We Boost AM has published a comprehensive database of official standards related to additive manufacturing.
The site was produced by Mobility Goes Additive, who describe themselves as:
“MGA is the leading international network of companies, institutions and research institutes that pushes 3D-printed applications for professional use in several sectors.”
“To make our members more visible we created WeboostAM, a database with further information about our member companies.”
The We Boost AM site now includes a rather comprehensive database of known standards. As of this writing, the site includes 326 entries from:
- ASTM (158 listing)
- ISO (185 listings)
- DIN (50 listings)
- VDI (15 listings)
- DIN EN (40 listings)
- DVS (4 listings)
- AWS (2 listings)
- IEEE (2 listings)
- UL (2 listings)
- CF$ (1 listing)
The site allows searching by a variety of factors, including:
- Document number
- Status (Published, draft, etc.)
- Use (Test, guideline, specification, etc.)
- Technology (3D printing process)
- Material type
- Scope (part, production, personal, etc.)
Each entry shows the attributes of the standard. Here’s an example, ASTM F3001-14:
The database display does not seem to have a link to the actual standard, and that’s likely because many of the standards are not publicly available: they are sold for a fee by their respective organizations.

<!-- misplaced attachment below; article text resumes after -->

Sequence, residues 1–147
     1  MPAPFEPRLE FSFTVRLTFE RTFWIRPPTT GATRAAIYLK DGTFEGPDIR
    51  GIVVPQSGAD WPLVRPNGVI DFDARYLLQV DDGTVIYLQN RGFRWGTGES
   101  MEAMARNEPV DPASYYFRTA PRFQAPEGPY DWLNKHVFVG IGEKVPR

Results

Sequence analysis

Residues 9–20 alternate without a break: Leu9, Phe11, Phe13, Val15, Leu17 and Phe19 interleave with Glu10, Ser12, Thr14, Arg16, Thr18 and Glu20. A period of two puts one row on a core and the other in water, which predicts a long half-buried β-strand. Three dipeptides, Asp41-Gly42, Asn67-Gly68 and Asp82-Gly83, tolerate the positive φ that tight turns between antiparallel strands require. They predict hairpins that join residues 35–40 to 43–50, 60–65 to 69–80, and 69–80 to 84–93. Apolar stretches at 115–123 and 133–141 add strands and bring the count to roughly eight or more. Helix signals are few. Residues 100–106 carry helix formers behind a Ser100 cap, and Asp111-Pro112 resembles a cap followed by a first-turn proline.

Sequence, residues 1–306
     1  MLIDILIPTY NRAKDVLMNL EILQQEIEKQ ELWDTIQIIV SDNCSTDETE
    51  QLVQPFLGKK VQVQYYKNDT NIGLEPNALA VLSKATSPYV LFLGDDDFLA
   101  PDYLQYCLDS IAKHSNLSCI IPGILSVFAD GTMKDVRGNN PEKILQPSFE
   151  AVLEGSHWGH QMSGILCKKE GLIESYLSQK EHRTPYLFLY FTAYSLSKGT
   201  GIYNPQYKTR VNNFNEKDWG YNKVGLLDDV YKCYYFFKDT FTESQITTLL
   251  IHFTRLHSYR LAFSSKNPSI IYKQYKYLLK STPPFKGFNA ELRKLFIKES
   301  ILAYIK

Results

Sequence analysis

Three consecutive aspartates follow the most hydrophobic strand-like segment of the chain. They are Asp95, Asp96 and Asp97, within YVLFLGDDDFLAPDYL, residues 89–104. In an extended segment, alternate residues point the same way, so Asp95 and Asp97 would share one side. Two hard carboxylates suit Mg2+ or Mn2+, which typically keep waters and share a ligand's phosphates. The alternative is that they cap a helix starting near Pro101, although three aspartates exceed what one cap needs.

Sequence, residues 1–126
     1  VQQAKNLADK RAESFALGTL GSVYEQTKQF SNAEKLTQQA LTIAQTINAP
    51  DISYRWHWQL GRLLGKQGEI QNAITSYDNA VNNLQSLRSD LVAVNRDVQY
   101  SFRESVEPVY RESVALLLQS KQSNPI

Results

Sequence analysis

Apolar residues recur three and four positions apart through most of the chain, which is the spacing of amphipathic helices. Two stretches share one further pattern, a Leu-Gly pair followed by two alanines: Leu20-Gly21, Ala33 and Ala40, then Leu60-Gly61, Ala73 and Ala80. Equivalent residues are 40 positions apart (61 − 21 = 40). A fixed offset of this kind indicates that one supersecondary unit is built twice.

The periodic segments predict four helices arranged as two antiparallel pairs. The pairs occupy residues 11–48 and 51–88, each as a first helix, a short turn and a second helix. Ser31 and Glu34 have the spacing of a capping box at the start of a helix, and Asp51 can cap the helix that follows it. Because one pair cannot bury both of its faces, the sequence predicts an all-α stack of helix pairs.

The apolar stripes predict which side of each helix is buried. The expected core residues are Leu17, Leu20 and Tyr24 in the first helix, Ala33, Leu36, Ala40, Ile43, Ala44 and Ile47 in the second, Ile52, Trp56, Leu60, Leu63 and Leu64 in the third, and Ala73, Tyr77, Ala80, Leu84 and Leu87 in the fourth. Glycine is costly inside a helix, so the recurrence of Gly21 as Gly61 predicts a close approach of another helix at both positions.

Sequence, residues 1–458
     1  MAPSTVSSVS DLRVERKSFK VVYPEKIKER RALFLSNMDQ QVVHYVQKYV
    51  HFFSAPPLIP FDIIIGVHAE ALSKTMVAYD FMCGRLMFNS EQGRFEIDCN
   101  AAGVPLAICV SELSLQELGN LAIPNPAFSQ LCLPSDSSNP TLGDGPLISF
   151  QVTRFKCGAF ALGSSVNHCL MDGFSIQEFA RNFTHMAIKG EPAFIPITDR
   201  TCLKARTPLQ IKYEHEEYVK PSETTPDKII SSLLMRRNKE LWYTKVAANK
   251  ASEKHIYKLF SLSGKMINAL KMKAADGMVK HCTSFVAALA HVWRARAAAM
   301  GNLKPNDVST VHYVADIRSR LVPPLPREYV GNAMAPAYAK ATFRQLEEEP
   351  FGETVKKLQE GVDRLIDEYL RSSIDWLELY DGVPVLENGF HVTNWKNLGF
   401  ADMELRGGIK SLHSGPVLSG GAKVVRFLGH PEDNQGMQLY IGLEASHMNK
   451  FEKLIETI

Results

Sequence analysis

However, the database allows for the unique approach of searching for standards across different publishing organizations. Once identified through the database, one could then look them up in the respective standards documents.
Standards for additive manufacturing are a work in progress, as the technology has been maturing rapidly. With the recent accessibility of a much wider array of possible materials, there are many more manufacturers making use of the technology. They certainly require adherence to standards in order to provide quality products to their clients, and this database could be of use to them.
Please check this site out if you have an interest in AM standards, and while you’re there you can also look up a series of interesting use cases for additive technology that might stimulate your imagination.
Via We Boost AM (Hat tip to Benjamin)